Quality rural staff getting hard to find


WORKFORCE shortages could cost rural industry dearly, according to peak agricultural body AgForce.

AgForce president Larry Acton said agricultural industries had trouble sourcing and keeping staff.

"It's hard to find good quality staff that will stay and continue on to senior levels," Mr Acton said. Workhorse Recruitment's Susan Frost, said many industries like pork, equine and poultry had employment problems. "We're finding it's getting worse to find well-trained, qualified people," she said.

Ms Frost said there was a need for more practical training to turn out job-ready young people.

Excel Agriculture's Dan Ryan said the company employed about 80 people at its Toowoomba factory with six apprentices, including two mature-aged, at the moment.

While the company hopes to expand, it is dependent on their ability to find more staff.

"Most of the guys we have, have been with us for a very long time, but there's only so much work they can get through ? so to grow we need to train more," Mr Ryan said.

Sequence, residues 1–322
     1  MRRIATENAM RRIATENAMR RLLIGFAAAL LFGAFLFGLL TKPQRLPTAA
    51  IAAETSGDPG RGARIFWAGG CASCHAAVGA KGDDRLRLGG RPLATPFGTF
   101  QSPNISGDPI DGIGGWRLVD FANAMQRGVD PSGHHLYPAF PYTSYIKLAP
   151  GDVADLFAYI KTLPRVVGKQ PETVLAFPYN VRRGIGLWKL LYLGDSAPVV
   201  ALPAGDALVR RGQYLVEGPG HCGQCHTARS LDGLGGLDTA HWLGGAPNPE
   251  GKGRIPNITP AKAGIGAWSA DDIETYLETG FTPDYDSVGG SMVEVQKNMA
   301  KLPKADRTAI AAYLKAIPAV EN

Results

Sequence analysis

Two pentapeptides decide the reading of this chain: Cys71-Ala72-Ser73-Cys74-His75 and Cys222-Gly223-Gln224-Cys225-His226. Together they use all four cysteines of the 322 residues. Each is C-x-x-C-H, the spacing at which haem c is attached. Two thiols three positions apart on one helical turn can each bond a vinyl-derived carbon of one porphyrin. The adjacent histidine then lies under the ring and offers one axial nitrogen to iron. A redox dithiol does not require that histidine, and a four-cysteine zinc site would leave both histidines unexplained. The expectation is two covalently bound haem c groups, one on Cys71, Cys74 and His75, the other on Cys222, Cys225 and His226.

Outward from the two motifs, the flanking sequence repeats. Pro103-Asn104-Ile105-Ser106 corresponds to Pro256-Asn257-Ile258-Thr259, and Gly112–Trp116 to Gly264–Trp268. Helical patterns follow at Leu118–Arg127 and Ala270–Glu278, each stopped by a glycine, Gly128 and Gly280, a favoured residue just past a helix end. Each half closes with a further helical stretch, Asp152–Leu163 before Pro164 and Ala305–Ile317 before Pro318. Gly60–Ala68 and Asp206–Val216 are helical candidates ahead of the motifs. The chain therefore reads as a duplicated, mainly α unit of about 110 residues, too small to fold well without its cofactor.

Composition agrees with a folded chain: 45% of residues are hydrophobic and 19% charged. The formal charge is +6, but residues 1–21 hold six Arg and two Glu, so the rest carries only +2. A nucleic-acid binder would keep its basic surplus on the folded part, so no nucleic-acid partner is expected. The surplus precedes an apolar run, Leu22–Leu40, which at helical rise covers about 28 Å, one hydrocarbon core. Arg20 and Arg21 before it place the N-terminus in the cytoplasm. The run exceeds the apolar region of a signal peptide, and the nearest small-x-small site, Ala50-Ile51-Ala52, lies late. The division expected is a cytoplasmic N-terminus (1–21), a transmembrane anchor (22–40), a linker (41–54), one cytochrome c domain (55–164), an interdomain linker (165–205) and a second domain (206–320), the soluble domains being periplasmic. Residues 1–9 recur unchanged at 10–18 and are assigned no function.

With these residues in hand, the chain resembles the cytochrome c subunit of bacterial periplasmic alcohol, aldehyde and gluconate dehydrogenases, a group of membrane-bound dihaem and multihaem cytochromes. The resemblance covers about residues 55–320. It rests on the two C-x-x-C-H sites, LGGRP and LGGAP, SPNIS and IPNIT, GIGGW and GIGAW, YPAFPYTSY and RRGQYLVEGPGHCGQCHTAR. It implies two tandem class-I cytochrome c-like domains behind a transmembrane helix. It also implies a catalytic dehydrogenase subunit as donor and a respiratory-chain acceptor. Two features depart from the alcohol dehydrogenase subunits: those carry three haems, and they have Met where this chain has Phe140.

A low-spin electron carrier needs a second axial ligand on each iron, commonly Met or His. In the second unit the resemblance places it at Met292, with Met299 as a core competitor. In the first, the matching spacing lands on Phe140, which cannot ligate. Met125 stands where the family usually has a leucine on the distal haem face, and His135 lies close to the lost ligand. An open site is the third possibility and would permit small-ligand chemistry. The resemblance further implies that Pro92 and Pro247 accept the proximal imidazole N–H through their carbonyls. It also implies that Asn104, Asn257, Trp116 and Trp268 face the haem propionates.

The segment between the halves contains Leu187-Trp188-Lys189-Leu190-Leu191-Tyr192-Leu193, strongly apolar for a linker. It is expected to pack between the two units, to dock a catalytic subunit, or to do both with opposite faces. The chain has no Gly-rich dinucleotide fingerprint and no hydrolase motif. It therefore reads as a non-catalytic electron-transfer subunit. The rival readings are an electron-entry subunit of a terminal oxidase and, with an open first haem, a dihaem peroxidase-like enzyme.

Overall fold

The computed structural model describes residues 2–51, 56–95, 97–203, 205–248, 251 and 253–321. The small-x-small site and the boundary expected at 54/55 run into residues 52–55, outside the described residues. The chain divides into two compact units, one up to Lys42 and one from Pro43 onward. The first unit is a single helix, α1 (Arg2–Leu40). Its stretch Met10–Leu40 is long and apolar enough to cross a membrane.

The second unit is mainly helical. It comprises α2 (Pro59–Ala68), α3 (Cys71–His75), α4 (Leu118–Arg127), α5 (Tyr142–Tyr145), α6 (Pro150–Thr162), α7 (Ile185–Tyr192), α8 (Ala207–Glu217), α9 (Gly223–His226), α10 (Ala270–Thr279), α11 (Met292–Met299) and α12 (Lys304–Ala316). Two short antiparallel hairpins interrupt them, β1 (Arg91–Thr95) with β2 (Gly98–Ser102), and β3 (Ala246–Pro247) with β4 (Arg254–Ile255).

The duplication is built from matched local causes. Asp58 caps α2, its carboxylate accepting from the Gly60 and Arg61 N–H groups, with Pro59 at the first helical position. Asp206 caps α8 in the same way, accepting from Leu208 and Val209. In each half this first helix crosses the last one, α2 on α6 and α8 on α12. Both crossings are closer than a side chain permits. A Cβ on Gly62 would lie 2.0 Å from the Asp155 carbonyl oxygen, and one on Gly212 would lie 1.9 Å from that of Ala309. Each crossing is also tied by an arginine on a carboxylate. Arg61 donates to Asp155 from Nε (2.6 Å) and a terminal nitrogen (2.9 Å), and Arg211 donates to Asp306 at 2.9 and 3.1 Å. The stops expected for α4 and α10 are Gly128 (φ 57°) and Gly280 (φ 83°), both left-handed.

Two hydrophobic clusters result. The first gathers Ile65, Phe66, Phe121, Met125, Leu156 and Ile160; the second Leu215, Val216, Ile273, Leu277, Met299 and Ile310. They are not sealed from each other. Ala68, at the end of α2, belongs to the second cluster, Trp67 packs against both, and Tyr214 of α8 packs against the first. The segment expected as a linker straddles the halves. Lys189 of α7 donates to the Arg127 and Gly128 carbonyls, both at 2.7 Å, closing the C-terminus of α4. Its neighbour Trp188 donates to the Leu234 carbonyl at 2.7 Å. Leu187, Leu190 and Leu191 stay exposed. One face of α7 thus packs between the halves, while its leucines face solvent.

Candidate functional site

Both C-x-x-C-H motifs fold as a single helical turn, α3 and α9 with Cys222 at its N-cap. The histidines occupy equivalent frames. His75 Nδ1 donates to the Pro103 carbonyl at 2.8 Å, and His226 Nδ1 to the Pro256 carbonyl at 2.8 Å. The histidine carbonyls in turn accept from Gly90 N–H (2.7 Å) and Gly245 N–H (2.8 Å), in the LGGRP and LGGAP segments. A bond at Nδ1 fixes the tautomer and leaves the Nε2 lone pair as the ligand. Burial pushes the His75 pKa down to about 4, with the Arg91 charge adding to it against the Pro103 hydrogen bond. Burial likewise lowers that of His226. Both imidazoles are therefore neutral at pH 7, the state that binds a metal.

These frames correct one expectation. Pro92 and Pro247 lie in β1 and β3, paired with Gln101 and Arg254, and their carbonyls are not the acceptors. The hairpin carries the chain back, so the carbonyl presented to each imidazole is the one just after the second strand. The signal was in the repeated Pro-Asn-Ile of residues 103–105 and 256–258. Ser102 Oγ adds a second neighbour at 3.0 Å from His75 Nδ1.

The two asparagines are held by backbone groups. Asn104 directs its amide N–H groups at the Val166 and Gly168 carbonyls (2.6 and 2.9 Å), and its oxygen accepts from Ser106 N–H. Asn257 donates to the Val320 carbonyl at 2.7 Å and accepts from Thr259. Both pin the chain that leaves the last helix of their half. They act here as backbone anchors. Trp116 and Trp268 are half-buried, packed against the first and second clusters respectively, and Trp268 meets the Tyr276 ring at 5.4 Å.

He said the shortage was not only the result of expansion within agriculture but within other industries across the board.

Mr Ryan said this combined with a push toward university rather than skills-based training in recent times had also affected numbers, despite the fact wages had increased because of the demand to find staff.

Dalby cotton farmer Ian Walton said there was a shortage of young people taking up agricultural careers and in some cases, it was their families that discouraged them.

"If they could see that farming is a profitable industry and they didn't have to work seven days a week, then maybe they'd come back," he said.

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